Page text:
Remote Control: Keep Prisoners in State

Bring inmates here form Maine and Vermont?

Gov. John Lynch has floated the idea of a northern New England prison with room for inmates from Maine and Vermont. Maine lawmakers voted in 2011 to kill a bill to let a private prison construct a prison there. This editorial from the Valley News suggests Vermont would be a reluctant partner as well in such a venture. Its prisoners out of state are rioting.

CCJR Staff

Remote Control: Keep Prisoners in State
Published 7/24/2012 in the Valley News, Lebanon, NH  

Out of sight, out of mind is a saying the force of which nearly all of us have experienced personally at one time or another. And what's true in private life also holds for public policy, which is why housing inmates at out-of-state prisons strikes us as misguided.

Vermont recently allowed to expire a contract to house 100 inmates at the Franklin County Jail and House of Detention in western Massachusetts after what state Corrections Commissioner Andy Pallito described as “considerable discussion publicly about the inadequacies of the facility.”

This is a bit of an understatement. A year ago this month, Vermont inmates rioted following a sit-in to protest conditions at the Franklin County jail, including limited outdoor recreation space and a ban on physical contact during family visits, something inmate activists say is allowed in Vermont prisons. The Associated Press reports that windows were broken, furniture and electronic equipment were destroyed and a sprinkler set off, leaving a foot of water on the floor. No injuries were reported, but 12 Vermont inmates were charged in connection with the disturbance.

The end of that contract leaves 480 Vermont offenders still incarcerated out of state, in two private prisons run by Corrections Corporation of America in Arizona and Kentucky. This is down from more than 700 inmates who were imprisoned out of state a few years ago, so the numbers at least are trending in the right direction.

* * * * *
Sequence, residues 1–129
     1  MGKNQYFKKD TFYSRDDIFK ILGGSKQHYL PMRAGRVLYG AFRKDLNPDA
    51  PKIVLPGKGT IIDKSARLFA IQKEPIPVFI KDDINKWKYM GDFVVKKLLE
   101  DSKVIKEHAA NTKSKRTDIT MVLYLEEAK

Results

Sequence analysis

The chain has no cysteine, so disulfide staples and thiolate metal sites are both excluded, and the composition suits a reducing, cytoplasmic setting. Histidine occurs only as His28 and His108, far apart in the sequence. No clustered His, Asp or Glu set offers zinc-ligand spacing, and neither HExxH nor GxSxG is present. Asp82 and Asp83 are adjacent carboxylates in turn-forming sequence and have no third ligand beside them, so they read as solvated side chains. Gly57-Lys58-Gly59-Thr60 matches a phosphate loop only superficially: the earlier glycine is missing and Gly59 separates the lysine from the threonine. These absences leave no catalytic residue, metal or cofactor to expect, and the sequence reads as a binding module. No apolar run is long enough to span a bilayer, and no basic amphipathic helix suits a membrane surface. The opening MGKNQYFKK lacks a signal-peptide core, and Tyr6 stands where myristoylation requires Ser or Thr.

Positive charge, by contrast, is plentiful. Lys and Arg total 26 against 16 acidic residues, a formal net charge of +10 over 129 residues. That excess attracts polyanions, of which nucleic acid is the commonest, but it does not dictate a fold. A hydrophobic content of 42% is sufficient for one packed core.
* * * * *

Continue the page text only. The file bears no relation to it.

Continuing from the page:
Vermont first began sending inmates out of state years ago because of crowding in its own prisons caused by explosive growth in the number of people incarcerated during the 1990s. The state has made efforts since then to reduce the number of people serving time, and in the 2011 fiscal year, the incarcerated population dropped 5.2 percent over the prior year. The total prison population is now about 2,100.

The Shumlin administration has made it a priority to reduce the number of non-violent offenders who are locked up, which is both admirable and smart as long as the financial and programming resources necessary to make it successful are provided. We hope that as this trend continues, Vermont will also make it a priority to bring its inmates home and house them in state facilities or in community programs. There are lots of reasons why this makes sense. One is that even as inmates pay their debt to society, society owes it to them to ensure their safety in humane surroundings that meet the standards of supervision, treatment and programming that Vermont sets for itself. Prisoners, after all, are not some kind of toxic waste to be shipped out for storage elsewhere; they are flawed human beings who have made mistakes and are obliged to make amends, but who by and large have the potential to live useful lives.

A second reason is that family support is an important component of successful rehabilitation and re-entry into society. Housing Vermont inmates in remote places like Arizona and Kentucky certainly makes visiting them at the least burdensome and expensive, if not impossible for some families.

And finally, running prisons is an essential government function that ought not to be contracted out to the lowest bidder, whose priorities may be far different from those of government. There's a moral responsibility at work here, which is that if society is going to deprive someone of his or her freedom, no matter how much that action is justified, then it must keep close watch over them, not send them away to where they are not only out of sight, but also out of mind.